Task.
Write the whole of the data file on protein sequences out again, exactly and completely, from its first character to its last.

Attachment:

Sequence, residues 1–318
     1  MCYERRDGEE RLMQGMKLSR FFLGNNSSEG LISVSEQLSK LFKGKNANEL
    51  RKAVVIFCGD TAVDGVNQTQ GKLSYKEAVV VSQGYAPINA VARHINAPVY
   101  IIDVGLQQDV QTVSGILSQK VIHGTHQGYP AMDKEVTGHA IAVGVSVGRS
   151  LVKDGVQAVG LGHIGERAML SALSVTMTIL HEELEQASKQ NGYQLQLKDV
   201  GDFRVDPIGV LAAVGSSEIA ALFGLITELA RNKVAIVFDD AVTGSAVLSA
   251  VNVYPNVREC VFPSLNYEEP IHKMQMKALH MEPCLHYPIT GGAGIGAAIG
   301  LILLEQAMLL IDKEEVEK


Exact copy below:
Sequence, residues 1–318
     1  MCYERRDGEE RLMQGMKLSR FFLGNNSSEG LISVSEQLSK LFKGKNANEL
    51  RKAVVIFCGD TAVDGVNQTQ GKLSYKEAVV VSQGYAPINA VARHINAPVY
   101  IIDVGLQQDV QTVSGILSQK VIHGTHQGYP AMDKEVTGHA IAVGVSVGRS
   151  LVKDGVQAVG LGHIGERAML SALSVTMTIL HEELEQASKQ NGYQLQLKDV
   201  GDFRVDPIGV LAAVGSSEIA ALFGLITELA RNKVAIVFDD AVTGSAVLSA
   251  VNVYPNVREC VFPSLNYEEP IHKMQMKALH MEPCLHYPIT GGAGIGAAIG
   301  LILLEQAMLL IDKEEVEK